Fatima is a period drama based on historical events and pertains to three young shepherd children who live in Fatima, Portugal. When they witness divine visions of Mother Mary, they are faced with the awkward and potentially life-threatening circumstance of trying to defend the truth when they are told to recant what they saw. Sister Lúcia (Sônia Braga) is an aging nun who has devoted her life to the service of God. She receives a visit from a professional skeptic, Professor Nichols (Harvey Keitel) who has a number of questions that bring up the validity of the impressive stories of her past. Sister Lúcia recounts her childhood, where in 1917 Portugal, outside a small parish called Fatima, a younger Lúcia (Stephanie Gil) and her two cousins bear witness to something truly miraculous: Mother Mary (Joana Ribeiro) comes to them in a dusty field, with a message that the war must end, and that can be made possible through the prayers and suffering of pious people. Lúcia's mother Maria (Lucia Moniz), already beside herself that she is not praying hard enough and that her son is missing in action, is not only skeptical of her daughter's story, but creates an oppositional force for her, rather than support her. The mayor (Goran Visnjic) is distraught that his small town is attracting people making pilgrimages to Fatima due to this phenomenon becoming world news. He's all too willing for the church to become involved, asking the children to recant their story. But the kids do not budge on the details of what happened to them, despite social and religious pressure on themselves, as well as their families. They repeat that what they saw was absolutely real and force people to either believe them or not. People begin to take sides, seeking any tidings that the war could come to an end. Directed and co-written by Marco Pontecorvo (
Pa-ra-da, Partly Cloudy With Sunny Spells), best known for his cinematography on Game of Thrones and Rome, Fatima explores philosophical and theological questions - though sticks to its original point of view without offering any possible alternatives. The huge, sweeping, grandiose shots, mixed with an almost-horror movie style lighting in some scenes don't accurately represent the material, despite being well-executed. They do, however, bring excitement to a story potentially void of action. Co-writer Roberto Tiraboschi (Pa-ra-da, Partly Cloudy with Sunny Spells) chooses a very clear narrative, which may not have been the best choice for this film. Showing clearly that the visions of Mary are indeed real presents the viewer with no other choice than accept that this is the reality of the situation, and allows no wiggle room for the real crux of the film: were these poor shepherd children making up the whole story, or did they really have divine visions? What Fatima really gets right is a strong narrative tale that allows for the characters to grow through an incredibly difficult time. The acting is well-directed and on point throughout, including the child actors. They have plenty to work with in the material of the script. When the movie stays simple, it works best, which is most of the time. The children's unnecessary vision of what hell looks like is an outlier in a mostly quiet, tense, and gripping setting. Ultimately, Fatima is a timeless tale of people's beliefs being tested, and a retelling of just one of many stories in which people claim religious experiences to be true. In a religion steeped in miracles and requiring belief as a huge staple of the system, trying to sort out fact from legend is already an endeavor. However, the way in which it's presented may be polarizing, and the film will either be loved, or burned at the stake depending on differing beliefs.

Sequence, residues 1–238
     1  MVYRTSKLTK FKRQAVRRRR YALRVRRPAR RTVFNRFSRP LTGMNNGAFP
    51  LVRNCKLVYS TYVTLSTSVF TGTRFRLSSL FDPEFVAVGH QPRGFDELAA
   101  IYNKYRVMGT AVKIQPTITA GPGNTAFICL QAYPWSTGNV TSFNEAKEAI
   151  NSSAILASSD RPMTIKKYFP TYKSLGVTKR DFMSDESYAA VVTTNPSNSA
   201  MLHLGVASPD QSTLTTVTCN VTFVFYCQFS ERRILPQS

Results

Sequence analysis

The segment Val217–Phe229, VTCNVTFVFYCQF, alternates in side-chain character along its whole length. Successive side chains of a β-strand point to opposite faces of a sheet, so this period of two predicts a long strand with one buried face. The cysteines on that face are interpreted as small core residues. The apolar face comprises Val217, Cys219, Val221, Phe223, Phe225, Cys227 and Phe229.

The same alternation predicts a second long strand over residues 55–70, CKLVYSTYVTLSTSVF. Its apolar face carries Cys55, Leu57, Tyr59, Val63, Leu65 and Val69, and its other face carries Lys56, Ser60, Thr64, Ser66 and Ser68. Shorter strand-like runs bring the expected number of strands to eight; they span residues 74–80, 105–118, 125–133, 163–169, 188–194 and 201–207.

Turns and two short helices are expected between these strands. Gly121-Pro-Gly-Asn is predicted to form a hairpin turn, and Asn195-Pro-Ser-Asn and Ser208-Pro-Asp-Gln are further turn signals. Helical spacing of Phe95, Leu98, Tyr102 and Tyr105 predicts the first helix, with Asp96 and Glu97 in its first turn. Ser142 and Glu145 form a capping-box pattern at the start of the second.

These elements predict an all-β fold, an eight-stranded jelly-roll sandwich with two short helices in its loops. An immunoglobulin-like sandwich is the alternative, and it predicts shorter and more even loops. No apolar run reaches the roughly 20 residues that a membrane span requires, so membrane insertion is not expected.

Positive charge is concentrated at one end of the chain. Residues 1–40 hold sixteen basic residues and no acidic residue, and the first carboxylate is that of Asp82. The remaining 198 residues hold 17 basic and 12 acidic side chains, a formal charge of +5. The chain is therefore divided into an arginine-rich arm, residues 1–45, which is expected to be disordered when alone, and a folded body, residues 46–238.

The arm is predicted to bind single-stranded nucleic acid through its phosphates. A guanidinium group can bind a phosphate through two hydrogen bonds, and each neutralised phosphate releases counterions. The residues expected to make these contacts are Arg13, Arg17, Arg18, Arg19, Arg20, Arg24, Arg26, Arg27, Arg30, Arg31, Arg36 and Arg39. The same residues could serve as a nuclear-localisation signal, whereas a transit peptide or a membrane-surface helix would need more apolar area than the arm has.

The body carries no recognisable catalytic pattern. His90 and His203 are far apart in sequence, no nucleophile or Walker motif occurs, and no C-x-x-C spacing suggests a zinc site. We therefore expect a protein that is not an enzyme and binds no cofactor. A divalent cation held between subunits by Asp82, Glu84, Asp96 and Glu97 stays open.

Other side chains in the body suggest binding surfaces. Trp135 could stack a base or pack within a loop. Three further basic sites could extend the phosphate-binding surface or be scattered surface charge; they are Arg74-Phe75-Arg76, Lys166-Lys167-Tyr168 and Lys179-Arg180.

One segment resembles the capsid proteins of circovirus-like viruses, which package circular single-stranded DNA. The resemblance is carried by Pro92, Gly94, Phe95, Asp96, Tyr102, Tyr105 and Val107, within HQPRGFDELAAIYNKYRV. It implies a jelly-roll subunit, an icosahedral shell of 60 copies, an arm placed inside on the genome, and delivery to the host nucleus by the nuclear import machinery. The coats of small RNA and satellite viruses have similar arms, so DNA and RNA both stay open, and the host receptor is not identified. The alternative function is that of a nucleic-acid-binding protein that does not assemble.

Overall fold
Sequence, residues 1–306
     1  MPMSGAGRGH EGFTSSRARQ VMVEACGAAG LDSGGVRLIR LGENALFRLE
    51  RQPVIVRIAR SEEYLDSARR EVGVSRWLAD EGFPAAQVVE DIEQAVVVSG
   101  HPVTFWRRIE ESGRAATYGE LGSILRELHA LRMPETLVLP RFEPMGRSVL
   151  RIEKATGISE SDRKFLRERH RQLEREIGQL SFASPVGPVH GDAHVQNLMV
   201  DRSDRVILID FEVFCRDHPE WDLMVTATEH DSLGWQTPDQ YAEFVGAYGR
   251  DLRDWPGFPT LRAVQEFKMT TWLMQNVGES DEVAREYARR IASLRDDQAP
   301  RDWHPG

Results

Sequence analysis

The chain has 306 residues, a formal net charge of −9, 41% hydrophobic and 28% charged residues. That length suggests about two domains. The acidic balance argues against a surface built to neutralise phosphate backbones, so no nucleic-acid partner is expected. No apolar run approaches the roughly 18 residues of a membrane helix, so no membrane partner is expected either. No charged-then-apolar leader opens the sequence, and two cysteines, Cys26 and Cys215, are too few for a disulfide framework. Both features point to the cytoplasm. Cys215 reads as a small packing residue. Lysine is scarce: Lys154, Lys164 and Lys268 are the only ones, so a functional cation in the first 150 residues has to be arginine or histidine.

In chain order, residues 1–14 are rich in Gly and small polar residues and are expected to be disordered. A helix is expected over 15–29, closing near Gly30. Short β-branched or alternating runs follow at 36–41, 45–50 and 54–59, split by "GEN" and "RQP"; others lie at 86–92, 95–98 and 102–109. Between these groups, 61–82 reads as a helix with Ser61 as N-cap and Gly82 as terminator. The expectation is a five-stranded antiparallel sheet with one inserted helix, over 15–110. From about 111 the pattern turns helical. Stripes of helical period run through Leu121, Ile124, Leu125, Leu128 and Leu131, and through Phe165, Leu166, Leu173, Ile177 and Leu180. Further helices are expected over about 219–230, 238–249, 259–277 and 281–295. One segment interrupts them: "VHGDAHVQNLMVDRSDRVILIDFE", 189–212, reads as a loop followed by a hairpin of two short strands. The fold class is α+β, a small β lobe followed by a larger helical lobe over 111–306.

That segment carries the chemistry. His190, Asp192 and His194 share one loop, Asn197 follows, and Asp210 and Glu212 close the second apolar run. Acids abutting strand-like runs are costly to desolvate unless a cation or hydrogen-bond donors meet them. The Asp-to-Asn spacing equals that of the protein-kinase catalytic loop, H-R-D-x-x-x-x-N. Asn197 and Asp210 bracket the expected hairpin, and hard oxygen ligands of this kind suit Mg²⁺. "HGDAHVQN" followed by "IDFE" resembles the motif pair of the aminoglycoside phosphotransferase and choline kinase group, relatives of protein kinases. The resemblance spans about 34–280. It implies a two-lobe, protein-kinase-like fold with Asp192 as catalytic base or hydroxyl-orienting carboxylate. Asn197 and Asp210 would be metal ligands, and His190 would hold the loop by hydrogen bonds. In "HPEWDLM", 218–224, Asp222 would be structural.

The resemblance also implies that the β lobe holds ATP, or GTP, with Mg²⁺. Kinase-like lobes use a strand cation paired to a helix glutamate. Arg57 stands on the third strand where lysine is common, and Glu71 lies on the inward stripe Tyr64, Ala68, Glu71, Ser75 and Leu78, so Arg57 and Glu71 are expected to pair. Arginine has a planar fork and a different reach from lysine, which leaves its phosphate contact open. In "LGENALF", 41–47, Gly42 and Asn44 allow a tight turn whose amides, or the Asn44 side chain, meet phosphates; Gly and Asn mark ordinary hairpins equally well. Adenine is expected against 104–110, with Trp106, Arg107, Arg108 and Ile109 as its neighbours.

All Movie Guide - Jules Fox